Hired by City Hall in 2013 to investigate whether a Chicago cop framed suspects and helped send innocent people to prison, former U.S. Attorney Scott Lassar and his law firm recommended that a “handful” of cases overseen by retired Detective Reynaldo Guevara be referred to prosecutors for review.
But five prisoners who have long maintained their innocence and said Guevara set them up were never interviewed by Lassar’s team at Sidley Austin LLP, according to interviews and records examined by the Better Government Association.
“This wasn’t a comprehensive investigation,” says Jennifer Bonjean, an attorney representing two of the men.
Bonjean says she knows Sidley Austin’s investigators knew of at least three of the cases because she told them about those.
Attorney Jennifer Bonjean. | Rummana Hussain / Sun-Times file photo
She calls the investigation, which cost Chicago taxpayers more than $1.9 million, “a whitewash” intended to limit liability to the city from lawsuits.
“When you have smoke and you found some fires, you need to see what else is smoldering,” says Russell Ainsworth, a Chicago attorney representing two other alleged Guevara victims. “This is a situation where there’s been a breadth of allegations and evidence to back to them up.”
Attorney Russell Ainsworth. | Sun-Times file photo
The Emanuel administration hired Sidley Austin after the courts overturned the convictions of two men who’d accused Guevara of framing them. The city paid $15 million to settle one of those legal claims. A second lawsuit is still pending.
Fabio Valentini, a top prosecutor for Cook County State’s Attorney Anita Alvarez, says Lassar passed along six cases and that, after a review, his agency has no plans to reopen any of them.
Lassar wouldn’t comment about why the five prisoners weren’t interviewed. He referred questions to the Emanuel administration.
John Holden, a City Hall spokesman, says: ““We are not able to discuss individual allegations in this matter, but the Department of Law is confident that a thorough review of all relevant cases has been conducted and that appropriate follow up actions are being taken where warranted.”
Guevara, 71, declined to comment. He has refused to answer questions in court depositions, citing his Fifth Amendment right against self-incrimination.
According to records and interviews, the five prisoners whose innocence claims regarding Guevara weren’t examined are:
• Jose Maysonet, 47, serving life in prison for a 1990 double-murder. In court filings, Maysonet has said he falsely confessed after Guevara beat him with a phone book and flashlight while Maysonet was handcuffed to a wall at a police station.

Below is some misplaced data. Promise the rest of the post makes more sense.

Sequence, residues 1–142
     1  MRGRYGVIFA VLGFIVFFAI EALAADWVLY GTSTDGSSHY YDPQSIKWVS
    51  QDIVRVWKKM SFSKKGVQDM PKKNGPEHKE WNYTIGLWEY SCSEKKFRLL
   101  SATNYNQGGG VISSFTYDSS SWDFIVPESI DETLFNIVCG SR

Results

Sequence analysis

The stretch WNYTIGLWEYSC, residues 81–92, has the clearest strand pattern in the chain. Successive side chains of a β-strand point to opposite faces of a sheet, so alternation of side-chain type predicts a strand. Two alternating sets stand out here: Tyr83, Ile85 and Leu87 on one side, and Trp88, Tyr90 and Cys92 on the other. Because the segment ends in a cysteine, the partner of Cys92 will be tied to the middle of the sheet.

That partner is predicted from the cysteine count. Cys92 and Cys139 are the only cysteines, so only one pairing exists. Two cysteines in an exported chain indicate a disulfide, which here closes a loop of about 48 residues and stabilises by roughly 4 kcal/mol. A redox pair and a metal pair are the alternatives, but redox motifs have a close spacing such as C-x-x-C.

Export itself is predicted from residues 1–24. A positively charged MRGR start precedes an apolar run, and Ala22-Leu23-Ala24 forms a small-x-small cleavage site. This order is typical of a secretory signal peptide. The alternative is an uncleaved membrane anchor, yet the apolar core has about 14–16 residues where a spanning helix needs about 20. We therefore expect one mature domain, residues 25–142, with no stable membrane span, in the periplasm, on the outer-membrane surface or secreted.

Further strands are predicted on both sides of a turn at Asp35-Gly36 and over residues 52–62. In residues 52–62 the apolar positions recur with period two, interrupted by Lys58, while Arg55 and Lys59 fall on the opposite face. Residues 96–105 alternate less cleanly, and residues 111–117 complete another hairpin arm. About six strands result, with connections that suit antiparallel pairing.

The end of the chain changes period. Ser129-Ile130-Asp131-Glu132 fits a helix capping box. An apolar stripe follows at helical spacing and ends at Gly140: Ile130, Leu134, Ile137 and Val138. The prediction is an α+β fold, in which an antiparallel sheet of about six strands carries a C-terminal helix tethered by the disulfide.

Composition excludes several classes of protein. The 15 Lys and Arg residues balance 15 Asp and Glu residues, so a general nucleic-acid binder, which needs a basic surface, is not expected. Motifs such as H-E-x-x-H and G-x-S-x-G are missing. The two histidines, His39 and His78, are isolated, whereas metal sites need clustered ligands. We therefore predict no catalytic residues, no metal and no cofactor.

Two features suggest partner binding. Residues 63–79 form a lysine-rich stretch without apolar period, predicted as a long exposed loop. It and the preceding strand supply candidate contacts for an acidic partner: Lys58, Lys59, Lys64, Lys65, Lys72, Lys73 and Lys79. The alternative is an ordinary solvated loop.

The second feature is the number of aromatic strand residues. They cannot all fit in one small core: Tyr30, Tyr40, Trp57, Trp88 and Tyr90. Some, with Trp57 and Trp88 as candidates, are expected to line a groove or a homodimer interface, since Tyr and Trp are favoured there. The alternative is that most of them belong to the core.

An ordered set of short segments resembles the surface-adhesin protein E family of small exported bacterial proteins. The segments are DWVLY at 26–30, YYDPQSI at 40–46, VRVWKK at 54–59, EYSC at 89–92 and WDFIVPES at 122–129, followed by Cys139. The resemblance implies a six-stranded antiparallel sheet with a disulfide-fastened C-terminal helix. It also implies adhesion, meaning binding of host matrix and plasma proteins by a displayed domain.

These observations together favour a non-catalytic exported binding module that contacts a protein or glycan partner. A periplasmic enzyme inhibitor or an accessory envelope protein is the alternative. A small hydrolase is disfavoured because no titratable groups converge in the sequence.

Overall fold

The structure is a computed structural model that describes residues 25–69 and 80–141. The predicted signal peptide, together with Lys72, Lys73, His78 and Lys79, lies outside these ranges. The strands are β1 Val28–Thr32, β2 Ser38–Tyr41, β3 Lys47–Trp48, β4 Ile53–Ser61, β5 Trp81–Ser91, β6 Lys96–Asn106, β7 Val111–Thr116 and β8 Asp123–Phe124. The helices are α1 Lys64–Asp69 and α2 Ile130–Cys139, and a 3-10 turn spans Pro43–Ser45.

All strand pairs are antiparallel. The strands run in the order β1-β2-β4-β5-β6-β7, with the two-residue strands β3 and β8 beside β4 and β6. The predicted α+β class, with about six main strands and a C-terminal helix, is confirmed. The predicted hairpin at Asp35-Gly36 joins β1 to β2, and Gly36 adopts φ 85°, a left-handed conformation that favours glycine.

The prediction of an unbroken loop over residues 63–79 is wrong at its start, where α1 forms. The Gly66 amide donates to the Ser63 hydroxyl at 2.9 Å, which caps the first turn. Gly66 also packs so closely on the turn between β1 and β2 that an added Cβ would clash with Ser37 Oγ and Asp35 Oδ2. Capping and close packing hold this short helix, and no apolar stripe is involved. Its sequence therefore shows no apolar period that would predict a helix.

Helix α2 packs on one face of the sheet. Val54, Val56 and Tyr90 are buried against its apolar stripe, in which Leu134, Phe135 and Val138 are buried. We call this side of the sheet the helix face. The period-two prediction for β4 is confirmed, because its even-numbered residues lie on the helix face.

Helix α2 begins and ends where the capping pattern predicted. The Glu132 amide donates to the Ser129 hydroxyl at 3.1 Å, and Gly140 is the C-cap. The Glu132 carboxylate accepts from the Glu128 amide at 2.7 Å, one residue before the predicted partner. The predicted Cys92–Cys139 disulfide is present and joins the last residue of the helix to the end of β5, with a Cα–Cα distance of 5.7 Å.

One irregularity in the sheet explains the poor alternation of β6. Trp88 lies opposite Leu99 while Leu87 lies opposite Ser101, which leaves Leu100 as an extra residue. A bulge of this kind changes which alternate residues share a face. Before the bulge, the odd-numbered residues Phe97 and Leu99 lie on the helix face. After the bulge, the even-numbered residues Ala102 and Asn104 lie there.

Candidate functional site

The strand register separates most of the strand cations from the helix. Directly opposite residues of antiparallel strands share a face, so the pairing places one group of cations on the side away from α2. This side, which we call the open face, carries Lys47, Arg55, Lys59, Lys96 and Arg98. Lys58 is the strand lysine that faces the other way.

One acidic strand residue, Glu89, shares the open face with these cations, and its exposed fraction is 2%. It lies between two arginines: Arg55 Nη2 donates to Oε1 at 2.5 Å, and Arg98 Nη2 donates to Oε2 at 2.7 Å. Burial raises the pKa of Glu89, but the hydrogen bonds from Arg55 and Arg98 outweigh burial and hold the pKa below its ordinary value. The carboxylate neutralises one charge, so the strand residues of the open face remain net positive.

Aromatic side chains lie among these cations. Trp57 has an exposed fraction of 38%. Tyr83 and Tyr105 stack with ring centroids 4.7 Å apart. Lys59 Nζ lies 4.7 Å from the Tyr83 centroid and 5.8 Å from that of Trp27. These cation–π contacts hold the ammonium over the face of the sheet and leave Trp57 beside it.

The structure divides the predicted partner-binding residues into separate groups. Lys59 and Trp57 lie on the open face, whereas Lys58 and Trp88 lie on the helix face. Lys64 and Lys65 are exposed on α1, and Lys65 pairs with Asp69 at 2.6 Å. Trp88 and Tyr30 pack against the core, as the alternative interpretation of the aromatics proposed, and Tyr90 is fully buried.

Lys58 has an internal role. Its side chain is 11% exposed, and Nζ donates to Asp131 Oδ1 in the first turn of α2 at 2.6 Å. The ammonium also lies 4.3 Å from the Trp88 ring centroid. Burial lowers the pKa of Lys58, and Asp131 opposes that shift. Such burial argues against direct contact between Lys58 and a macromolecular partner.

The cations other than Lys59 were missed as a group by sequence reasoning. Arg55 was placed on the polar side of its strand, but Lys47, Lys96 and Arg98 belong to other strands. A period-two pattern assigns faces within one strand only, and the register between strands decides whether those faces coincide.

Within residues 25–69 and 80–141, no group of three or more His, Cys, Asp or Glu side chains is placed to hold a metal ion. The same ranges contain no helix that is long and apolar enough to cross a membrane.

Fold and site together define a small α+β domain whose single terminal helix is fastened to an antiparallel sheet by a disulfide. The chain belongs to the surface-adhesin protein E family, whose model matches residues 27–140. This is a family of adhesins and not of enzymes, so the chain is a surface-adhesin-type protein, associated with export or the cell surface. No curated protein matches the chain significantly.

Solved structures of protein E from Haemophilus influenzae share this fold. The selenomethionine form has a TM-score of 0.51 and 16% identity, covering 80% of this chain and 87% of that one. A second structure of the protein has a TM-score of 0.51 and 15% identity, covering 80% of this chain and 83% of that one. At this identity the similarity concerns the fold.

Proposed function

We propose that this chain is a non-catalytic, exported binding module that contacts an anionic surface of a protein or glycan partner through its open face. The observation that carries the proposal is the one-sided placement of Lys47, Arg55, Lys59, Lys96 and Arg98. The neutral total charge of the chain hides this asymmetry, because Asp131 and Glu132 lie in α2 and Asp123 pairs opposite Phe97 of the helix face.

• Antonio McDowell, 39, who has served 16 years in prison for a 1996 murder. He claims Guevara framed him by showing a witness his photo in advance of a police lineup, this after McDowell refused to go along with framing somebody else for previously having shot and wounded him.
• Tony Gonzalez, 38, who got 42 years in prison in a 1998 shooting that left one person dead and two wounded. His conviction was based on testimony from a teenage witness who initially told the police the shooter’s face was covered by a shirt. She later picked Gonzalez from a photo array put together by Guevara.
• Thomas Sierra, 39, who has spent 18 years in prison for the 1995 killing of a teenager in Logan Square. Two witnesses identified him in a lineup, but one of them later testified he did so only because Guevara had told him Sierra “was the one that did the shooting,” records show.
• Edwin Davila, 41, who has spent 19 years in prison for a 1995 gang-related killing. Two witnesses picked him out of a lineup, but Davila claims Guevara set him up.
“He tells me he was going to put me in the lineup, and he was going to get these witnesses to point me out,” Davila said during a recent interview at Dixon Correctional Center. “I told him, ‘There ain’t no way you’re going to get these witnesses to point me out. I was never there.’ He says, ‘It don’t matter if you were there or not. I’m going to get those witnesses to point you out.’ ”
Davila says Guevara did that by telling them the shooter was a Latin Jivers street gang member. Davila has a prominent “Jivers” tattoo on his back and, during a police lineup, was told to turn around so witnesses could see the tattoo. According to Davila, no one else in the lineup had any obvious gang connection.
Davila filed a complaint against Guevara with the Chicago Police Department, but records show it was “not sustained.”
The Emanuel administration has said the Lassar investigation found no “widespread pattern of wrongdoing” by Guevara, who retired in 2005.
Andrew Schroedter is an investigator with the Better Government Association.